Setting an image's white point in Photoshop

Step-by-step tutorial on setting a photograph's white point using Curves.

Photoshop Tutorial on Setting a Photo's White Point

Photoshop Filter and Tool Tutorials

Curves | Color Balance | Channels | White-Point | Burn & Dodge | Color Picker | Clone Stamp | Noise Filter

All Tutorial Text & Images - Copyright © 2011 KHI, Inc.

Using the White Point Eye-Dropper

This Photoshop tutorial is designed to instruct on the use of Photoshop's Curves dialog box to set the correct white point, gray point, and black point in your photograph to remove unwanted color-casts and restore the full dynamic range of an image. This tool can have dramatic results in restoring contrast to washed-out images but caution should be used as it can destroy massive amounts of subtle shadow and/or highlight detail in one stroke.

When using Curves to make other adjustments a good starting point is to first set the "white point" and "black point" of your photograph by using the White Point Eye-Dropper Tool. This will establish the parameters of the dynamic tonal range. There are three eyedroppers located in the lower right corner of the Curves dialog box with the "black point" dropper on the left and the "white point" dropper on the right. The center "gray point" dropper should only be used on 50% gray areas of the photo, where the gray SHOULD be neutral but IS NOT due to an unwanted color-cast. Again, caution should be used with the "gray point" dropper if there is a significant amount of pixel noise as this can contain pixels with a lot of color saturation that will provide erroneous results.

Technical Note: Before making any changes to your photograph do two things: 1. Save the photo as a new .PSD file using "Save As," and 2. make all of your changes on a new duplicated layer by using Command>A to select ALL (the entire image), and then using Command>C to paste the copy to a new layer. Always make sure that the 'Preview" radio button is checked.

The White Point Eye-Dropper needs to be used with caution as it will make whatever it touches the new "white point," destroying all pixel information below it. This tool will also fix any underexposure issues with the photograph, but I would use the Curves "Slider" for this problem (see: Using Curves Diagonal Graph Slider" below).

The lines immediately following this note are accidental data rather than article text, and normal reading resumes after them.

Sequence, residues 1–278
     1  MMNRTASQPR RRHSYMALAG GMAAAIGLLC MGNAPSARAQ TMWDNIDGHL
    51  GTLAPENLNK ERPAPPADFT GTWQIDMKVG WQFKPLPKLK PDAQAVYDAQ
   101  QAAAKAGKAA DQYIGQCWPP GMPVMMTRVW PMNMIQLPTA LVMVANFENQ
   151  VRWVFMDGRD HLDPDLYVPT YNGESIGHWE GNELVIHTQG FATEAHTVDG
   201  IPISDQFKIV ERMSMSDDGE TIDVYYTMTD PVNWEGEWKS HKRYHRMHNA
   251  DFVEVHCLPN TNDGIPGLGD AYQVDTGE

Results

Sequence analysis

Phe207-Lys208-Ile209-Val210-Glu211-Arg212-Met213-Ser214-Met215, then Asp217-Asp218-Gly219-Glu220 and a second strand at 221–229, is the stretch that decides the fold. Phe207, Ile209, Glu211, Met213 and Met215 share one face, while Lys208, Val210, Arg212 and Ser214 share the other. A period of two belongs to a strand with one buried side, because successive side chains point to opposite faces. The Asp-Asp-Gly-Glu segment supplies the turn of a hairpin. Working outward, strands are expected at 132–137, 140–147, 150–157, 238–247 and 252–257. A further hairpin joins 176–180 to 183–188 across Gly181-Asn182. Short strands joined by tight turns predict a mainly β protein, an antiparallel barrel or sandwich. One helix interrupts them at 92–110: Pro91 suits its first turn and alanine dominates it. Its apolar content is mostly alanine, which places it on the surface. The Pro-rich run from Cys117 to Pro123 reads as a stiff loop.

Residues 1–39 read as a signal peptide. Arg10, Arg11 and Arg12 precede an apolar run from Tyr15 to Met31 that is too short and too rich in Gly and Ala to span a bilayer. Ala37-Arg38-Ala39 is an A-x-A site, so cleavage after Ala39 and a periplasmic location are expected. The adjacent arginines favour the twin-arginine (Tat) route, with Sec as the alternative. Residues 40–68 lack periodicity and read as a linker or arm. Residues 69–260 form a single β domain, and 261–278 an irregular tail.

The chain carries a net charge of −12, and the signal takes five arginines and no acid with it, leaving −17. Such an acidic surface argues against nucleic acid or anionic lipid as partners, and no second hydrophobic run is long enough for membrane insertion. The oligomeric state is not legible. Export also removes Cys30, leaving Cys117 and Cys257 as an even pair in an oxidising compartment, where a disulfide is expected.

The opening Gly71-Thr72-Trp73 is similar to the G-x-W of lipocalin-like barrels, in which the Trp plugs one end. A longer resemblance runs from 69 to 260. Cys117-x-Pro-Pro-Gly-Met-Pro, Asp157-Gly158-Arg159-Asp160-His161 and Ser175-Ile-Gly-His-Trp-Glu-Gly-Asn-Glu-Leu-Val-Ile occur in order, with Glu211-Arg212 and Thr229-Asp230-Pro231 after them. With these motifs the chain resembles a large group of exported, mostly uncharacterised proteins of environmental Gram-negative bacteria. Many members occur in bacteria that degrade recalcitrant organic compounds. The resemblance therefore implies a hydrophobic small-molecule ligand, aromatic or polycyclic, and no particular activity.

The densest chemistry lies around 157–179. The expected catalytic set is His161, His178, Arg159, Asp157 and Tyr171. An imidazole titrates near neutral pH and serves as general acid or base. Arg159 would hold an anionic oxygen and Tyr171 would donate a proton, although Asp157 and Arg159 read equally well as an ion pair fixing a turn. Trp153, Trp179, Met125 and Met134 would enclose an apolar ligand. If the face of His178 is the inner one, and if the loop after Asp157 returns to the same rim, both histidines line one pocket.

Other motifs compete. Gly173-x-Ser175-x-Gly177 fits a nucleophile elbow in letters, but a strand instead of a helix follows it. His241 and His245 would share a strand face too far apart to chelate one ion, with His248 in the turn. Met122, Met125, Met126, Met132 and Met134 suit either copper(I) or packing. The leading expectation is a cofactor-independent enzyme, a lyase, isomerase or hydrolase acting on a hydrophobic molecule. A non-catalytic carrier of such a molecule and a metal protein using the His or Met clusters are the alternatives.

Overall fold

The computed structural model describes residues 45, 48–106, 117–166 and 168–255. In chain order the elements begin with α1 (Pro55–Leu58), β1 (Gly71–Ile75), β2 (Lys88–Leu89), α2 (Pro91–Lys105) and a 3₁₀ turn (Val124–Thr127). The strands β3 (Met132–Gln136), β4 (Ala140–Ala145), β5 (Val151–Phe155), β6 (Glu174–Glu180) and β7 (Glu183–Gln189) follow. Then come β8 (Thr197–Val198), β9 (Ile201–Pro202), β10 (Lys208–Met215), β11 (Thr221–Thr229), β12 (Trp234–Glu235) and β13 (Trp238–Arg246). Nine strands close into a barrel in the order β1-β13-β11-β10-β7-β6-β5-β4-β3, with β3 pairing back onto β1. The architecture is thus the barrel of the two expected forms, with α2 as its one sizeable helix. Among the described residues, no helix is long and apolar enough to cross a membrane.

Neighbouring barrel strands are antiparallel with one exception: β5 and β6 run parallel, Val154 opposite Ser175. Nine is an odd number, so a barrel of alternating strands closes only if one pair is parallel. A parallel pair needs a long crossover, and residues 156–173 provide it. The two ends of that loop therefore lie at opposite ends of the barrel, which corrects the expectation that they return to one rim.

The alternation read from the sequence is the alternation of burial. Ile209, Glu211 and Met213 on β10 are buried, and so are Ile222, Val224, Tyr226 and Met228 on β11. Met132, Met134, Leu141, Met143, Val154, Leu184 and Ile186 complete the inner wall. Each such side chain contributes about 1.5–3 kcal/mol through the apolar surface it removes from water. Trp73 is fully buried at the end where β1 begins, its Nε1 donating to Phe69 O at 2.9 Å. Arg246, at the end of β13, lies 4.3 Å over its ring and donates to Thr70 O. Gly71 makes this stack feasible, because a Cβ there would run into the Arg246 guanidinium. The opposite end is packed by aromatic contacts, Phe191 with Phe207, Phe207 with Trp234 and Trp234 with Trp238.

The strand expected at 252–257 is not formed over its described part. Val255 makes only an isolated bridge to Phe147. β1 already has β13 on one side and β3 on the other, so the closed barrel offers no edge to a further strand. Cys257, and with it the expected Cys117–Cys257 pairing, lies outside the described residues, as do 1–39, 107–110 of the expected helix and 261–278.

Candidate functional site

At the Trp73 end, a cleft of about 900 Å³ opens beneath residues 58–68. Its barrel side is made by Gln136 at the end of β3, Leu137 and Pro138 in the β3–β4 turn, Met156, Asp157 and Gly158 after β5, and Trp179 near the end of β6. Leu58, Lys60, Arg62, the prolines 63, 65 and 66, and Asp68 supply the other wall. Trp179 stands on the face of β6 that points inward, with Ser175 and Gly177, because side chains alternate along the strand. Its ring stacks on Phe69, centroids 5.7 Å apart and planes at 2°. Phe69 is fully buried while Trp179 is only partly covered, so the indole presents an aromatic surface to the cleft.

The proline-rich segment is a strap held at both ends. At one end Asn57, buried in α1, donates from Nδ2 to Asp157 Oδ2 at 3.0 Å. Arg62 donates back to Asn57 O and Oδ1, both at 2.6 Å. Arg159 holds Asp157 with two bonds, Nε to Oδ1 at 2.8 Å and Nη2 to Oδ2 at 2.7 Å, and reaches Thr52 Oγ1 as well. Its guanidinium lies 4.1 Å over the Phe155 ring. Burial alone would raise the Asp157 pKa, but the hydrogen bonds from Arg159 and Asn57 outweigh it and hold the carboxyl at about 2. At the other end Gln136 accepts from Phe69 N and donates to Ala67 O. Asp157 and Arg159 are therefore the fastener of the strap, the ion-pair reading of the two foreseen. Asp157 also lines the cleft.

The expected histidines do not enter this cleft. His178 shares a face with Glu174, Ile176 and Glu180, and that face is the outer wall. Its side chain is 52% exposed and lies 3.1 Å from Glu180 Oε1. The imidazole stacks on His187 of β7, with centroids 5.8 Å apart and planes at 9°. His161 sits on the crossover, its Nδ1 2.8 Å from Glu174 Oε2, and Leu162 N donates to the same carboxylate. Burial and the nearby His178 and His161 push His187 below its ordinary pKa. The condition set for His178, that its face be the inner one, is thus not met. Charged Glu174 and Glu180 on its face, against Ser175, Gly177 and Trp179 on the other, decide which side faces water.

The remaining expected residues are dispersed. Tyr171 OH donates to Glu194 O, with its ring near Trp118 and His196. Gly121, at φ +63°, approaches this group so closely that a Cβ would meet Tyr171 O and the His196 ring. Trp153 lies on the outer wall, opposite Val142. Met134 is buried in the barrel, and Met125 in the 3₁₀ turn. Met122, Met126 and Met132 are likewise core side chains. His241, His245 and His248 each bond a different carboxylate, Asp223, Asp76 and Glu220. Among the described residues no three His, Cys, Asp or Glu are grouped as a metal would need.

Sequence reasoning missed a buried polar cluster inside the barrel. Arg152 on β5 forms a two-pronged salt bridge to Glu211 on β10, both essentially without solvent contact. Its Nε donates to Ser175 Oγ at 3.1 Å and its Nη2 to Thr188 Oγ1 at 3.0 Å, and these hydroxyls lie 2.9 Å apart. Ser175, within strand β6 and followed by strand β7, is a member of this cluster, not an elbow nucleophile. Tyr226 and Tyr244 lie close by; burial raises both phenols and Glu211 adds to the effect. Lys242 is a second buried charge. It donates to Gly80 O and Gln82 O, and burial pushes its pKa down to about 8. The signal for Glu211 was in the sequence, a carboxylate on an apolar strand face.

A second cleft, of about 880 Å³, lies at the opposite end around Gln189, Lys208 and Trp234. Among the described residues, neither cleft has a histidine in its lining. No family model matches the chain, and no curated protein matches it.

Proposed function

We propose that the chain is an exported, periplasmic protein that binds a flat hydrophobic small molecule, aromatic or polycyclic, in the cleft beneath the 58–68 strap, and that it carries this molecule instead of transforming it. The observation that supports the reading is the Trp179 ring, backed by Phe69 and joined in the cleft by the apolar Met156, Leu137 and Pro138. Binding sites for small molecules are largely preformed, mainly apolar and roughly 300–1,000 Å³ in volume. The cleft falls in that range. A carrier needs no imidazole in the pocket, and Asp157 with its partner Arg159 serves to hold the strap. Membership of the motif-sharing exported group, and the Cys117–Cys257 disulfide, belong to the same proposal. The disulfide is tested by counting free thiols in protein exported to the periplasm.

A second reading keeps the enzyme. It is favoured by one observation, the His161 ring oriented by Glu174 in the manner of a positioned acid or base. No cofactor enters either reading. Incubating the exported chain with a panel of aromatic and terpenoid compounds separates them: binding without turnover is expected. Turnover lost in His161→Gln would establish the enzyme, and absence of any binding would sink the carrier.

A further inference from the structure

Photoshop White Point Eye-Dropper

To set the white point use the Eye-Dropper Tool to select the whitest area of the photograph. In the example above we have chosen the highlight in the headlight area. If the first selection produces no noticeable results, move to the next brightest area. Again, cation is needed as this can blow out the highlights in unwanted areas. To avoid erroneous results, always set the Eyedropper tool sample-size to 5 x 5 pixels, especially important with photos that contain a high amount of noise.

Neutral Gray Eyedropper

As mentioned above, the Neutral Gray Eyedropper tool (center eye-dropper at right of Curves dialog box) is useful to remove unwanted color casts in areas that are supposed to be a "neutral gray." The grey value you select in your photograph should be approximately half way between pure white and black - around 50% gray.

Black Point Eyedropper

Use the Black Point eyedropper tool to fix photographs that are washed out from glare, haze, or overexposure. Use the eyedropper to the left to select the deepest shadow area in your photograph.

Using Curves Auto Color Correction Options

You can always let Photoshop use its auto correction algorithm to do the thinking for you, and sometimes this can yield good results. By selecting the "Options" button to the right of the Curves dialog box you will bring up the Auto Color Correction Options dialog box.

Photoshop Auto Color Correction

By selecting the Shadows, Midtones, and Highlights box you will bring up the Color Picker palette. By sliding the Circle Cursor in the "Select Target Highlight Color" box you can manually play with the target color and brightness of the White Point.

When all of your corrections have been made to your duplicate layer (described in the fifth paragraph (Technical Notes), assess the results by toggling the layer on and off so that you can compare your altered version to the original version below. I have found that the more corrections you make, and the further you stray from the original photograph, you can easily overdo the corrections. If this is the cast it is an easy fix as you can dial down the opacity of the top altered layer until you have a "natural" looking result.

Note: The following hardware and software was used in this tutorial: An Apple Mac Pro desktop computer, a Wacom Intuos 6x8 drawing tablet, Adobe Photoshop CS-CS5 photo editing software and a properly calibrated monitor.

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